Franklin College art professor’s painting wins award at prestigious exhibition

A simple stone has untold stories to tell.

David Cunningham feels it every time he goes out into nature, traversing over creek beds and along shorelines. The more he has encountered common formations or jumbles of stone, the better his understanding of the enormity of the universe and people’s place in it.

“There’s something about those images of rocks that have been powerful for me,” he said. “When you spend what’s now been thousands of hours staring at rocks, your mind goes to weird places.

For 17 years, Cunningham has been capturing the mystery, the grandeur and the beauty of everyday rocks. One of those pieces has been chosen for a prestigious and unique art experience in Indianapolis.

He was one of 18 artists selected for the Clowes Collaborative 2024 Invitational Exhibition, a showcase bringing some of the state’s best artists together with the Indianapolis Symphony Orchestra. Not only was he chosen for the show, but on Friday, he won honorable mention for his painting, “Ascension.”

The opportunity has been a way for Cunningham, a Franklin College artist-in-residence and professor of art, to show his work in an entirely new way.

“I love art being in a different venue combined with other great artists in other mediums. I love the joining of those things,” he said. “It’s like exposing art to non-typical art people, and it’s fun to be in a different environment than a gallery or a museum.”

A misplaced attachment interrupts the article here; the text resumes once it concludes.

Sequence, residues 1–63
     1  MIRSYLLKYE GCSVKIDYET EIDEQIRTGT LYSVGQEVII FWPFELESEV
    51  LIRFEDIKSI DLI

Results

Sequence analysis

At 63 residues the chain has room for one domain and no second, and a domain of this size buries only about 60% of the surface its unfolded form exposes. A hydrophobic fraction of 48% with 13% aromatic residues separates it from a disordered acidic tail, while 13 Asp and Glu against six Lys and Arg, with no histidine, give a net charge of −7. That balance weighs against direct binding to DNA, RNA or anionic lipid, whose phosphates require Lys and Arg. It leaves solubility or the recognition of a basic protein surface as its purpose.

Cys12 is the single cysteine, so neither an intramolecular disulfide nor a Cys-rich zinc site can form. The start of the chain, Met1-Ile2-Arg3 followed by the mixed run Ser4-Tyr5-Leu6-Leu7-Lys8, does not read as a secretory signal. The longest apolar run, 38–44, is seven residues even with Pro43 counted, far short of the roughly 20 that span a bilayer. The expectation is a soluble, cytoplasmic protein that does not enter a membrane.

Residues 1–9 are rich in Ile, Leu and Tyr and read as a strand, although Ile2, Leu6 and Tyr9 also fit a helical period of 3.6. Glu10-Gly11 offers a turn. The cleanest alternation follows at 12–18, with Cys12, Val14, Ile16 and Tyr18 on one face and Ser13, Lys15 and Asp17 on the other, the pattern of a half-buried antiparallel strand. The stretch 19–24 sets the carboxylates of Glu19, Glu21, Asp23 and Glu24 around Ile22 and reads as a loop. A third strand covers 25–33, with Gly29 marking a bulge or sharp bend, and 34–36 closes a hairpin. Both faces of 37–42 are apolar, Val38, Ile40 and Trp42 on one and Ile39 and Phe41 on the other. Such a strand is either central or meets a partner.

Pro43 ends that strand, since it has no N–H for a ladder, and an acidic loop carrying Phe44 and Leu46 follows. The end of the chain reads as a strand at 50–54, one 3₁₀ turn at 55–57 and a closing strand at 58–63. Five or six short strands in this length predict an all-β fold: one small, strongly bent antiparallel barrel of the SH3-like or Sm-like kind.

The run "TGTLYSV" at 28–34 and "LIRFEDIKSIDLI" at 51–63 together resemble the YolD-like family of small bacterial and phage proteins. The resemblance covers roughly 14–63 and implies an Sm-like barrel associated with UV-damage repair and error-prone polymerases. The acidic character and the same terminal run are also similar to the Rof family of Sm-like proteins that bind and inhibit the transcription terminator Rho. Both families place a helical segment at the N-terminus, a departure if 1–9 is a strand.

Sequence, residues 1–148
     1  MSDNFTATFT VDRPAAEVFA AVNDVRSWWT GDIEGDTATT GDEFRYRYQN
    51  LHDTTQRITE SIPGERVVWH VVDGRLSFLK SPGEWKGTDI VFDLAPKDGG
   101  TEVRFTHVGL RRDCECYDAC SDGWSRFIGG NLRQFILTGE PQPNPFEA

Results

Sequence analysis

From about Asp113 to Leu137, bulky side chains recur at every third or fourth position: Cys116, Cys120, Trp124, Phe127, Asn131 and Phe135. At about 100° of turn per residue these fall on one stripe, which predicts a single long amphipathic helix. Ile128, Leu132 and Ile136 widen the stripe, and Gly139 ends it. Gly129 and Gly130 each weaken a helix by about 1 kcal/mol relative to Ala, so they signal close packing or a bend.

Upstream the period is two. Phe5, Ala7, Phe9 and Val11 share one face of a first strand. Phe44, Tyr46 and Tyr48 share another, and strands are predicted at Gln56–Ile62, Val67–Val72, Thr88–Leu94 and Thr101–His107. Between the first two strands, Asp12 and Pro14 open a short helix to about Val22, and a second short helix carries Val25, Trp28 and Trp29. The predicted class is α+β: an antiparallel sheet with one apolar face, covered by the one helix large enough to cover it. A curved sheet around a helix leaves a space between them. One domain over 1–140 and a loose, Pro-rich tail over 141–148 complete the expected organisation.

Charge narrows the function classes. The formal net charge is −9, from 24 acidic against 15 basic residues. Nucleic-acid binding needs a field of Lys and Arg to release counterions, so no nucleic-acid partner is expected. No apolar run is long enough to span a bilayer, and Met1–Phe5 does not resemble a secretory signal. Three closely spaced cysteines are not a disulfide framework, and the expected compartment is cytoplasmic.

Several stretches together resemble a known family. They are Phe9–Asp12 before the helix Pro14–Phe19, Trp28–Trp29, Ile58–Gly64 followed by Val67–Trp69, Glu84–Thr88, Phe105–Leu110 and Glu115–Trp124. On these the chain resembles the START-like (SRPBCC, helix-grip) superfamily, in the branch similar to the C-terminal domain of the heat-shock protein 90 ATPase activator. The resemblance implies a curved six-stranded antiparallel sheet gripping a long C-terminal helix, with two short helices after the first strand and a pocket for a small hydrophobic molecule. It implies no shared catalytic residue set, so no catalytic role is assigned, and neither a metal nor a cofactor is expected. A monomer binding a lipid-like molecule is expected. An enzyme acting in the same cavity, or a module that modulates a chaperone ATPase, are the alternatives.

The exhibition opened Friday, where the work of Cunningham and the other 17 artists were unveiled inside the Hilbert Circle Theater, home of the Indianapolis Symphony Orchestra. Attendees to the opening reception heard the symphony perform works by Aaron Copland and Sergei Prokofiev, while also enjoying an opportunity to meet Clowes Collaborative artists.

“The exhibit highlights the talented artists who contribute to our vibrant community and further enhances the (symphony orchestra’s) commitment to connecting our patrons with life-changing experiences. Music and art share a wonderful synergy that I hope our audience will enjoy,” said James M. Johnson, Indianapolis Symphony Orchestra CEO when the exhibition was announced in 2023.